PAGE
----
Click “Finish” to finish the wizard and generate the project. If everything went well, you will be presented with a window similar to the image below.


All IPs that are included in the project are configurable to suit your needs. But the only change that we need to make here to get this demo working is the UART Baud Rate. Right click on the UART IP and select “Configure IP” from the popup menu. In the IP configuration window, select 19200 baud rate and click OK. The images below show these steps.



One more change that we need to make to the project is changing the startup clock. By default, XPS will set JTAG clock as FPGA startup clock. This is perfectly fine when we are using a JTAG adapter such as Xilinx Platform Cable – USB for programming FPGA. But to load FPGA configuration from SPI flash, we need to set startup clock to Cclk instead of JTAGCLK. To do this, go to the “Project” tab right next to the “IP Catalog” tab in XPS and open the Bitgen Options file “etc/bitgen.ut”. Change the line “-g StartUpClk:JTAGCLK” to “-g StartUpClk:CCLK”. Save the file and rebuild the project by clicking the “Generate bit file ” button on the left pane. It can take a few minutes for XPS to build the project. Once the build is completed successfully, you will see a message “Bitstream generation is complete. Done!”. If errors popup (ideally shouldn’t), fix them and rebuild. We are done with creating our embedded system hardware, it is that easy!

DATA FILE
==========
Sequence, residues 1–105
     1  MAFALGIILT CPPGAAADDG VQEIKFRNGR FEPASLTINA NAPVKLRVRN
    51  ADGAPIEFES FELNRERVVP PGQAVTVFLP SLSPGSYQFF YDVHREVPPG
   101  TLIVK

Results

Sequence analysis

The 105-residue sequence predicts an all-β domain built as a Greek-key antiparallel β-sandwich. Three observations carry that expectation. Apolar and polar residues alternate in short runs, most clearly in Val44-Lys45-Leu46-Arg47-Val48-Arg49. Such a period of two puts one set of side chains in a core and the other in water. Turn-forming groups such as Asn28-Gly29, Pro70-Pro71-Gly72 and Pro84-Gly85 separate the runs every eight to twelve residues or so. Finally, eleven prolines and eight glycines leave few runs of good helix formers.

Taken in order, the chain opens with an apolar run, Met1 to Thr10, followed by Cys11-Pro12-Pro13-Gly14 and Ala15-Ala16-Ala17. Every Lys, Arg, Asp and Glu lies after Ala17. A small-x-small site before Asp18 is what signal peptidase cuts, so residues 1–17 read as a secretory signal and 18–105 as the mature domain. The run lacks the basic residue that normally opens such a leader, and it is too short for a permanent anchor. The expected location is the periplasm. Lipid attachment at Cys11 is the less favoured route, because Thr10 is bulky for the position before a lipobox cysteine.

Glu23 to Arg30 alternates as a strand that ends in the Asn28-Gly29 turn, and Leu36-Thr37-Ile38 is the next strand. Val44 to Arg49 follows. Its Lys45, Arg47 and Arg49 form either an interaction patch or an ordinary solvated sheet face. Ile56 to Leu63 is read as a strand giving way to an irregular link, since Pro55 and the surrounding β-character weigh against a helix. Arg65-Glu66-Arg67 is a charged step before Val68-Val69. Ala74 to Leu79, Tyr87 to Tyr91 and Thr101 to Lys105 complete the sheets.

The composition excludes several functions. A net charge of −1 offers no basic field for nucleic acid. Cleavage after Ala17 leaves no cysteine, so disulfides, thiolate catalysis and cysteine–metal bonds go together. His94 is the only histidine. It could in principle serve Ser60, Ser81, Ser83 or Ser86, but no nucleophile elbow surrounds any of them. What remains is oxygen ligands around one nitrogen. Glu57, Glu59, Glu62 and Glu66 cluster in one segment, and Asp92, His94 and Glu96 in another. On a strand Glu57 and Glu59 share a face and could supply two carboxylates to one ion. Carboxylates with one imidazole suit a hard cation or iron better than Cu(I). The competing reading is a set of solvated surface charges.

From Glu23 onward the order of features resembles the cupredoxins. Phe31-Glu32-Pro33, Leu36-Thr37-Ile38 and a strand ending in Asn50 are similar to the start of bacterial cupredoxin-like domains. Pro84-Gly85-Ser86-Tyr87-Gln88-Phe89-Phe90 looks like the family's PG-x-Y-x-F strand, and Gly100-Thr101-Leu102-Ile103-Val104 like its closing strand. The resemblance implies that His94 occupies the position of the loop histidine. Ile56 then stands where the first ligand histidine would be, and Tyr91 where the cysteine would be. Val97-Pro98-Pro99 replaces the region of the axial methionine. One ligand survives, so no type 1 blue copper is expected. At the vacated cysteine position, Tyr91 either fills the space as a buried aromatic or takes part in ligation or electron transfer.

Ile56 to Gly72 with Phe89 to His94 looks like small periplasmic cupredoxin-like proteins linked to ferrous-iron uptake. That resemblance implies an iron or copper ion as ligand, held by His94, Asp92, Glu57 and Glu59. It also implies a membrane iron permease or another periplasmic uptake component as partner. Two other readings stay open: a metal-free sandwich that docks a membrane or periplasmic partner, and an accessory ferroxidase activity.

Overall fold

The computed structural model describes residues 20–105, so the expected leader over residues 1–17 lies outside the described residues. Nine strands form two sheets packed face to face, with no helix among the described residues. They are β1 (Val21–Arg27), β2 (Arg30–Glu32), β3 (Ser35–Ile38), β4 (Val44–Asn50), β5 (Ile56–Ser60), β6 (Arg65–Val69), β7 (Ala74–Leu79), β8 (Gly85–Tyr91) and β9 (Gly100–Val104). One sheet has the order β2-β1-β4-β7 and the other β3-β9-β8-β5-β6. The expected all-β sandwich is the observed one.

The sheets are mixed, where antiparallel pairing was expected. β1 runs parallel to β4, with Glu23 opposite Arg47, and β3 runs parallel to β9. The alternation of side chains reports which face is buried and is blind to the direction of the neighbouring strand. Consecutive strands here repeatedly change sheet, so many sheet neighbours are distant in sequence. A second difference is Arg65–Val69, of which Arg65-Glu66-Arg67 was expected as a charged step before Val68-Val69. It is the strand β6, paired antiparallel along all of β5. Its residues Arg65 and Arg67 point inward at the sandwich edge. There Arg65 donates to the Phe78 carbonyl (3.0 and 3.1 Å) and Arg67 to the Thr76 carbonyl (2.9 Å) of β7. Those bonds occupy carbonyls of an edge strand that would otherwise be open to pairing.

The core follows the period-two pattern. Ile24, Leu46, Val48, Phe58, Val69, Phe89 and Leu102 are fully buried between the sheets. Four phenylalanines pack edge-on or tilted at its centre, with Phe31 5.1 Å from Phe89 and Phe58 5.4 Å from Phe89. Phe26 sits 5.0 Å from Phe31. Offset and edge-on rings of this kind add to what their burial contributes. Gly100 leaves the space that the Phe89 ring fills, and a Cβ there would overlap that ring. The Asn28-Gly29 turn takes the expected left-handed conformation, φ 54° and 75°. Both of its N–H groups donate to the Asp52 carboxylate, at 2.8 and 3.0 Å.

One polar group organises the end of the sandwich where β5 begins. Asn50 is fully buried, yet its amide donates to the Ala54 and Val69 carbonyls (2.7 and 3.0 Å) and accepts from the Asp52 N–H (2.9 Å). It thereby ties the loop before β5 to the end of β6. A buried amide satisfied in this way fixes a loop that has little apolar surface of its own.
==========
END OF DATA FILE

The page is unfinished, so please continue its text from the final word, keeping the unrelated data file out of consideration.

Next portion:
Now we can export the output files and create an SDK project. SDK is the tool that we will use to create a build application that will run on the Microblaze microprocessor. Click on the “Export Design” button in the left side toolbox in XPS. In the window that pops up, click “Export Only”. XPS will export all files necessary for creating an SDK project.

Now launch SDK by selecting “Xilinx Software Development Kit” from the start menu. Select a convenient folder as a workspace and click OK. To create a new project, click File > New Project > Application Project. The application Project Wizard will pop up and ask you to enter a project name a project name. We will call this project “HelloWorld”. In the same window, under “Target Hardware” section, click on “hardware Platform” Combo box and select “Create New”. The “New Hardware Project” wizard that pops up. Fill in a project name and click on the “Browse” button and navigate to our XPS project and find the folder SDK and select HelloWorld.xml (full path is SDK\SDK_Export\hw\HelloWorld.xml). Then click Finish. Please see the image below for an example.


Once a new hardware platform project is created, you will be sent back to the SDK Application project wizard. The newly created hardware platform will be selected in the application wizard automatically. The wizard should like as in the image below when everything is set-up properly.


Click “next” and select “Hellow World” project template and then click “Finish”. Xilinx SDK will create the project and build it automatically. If everything went well, you should see “Build Finished” message in the build console.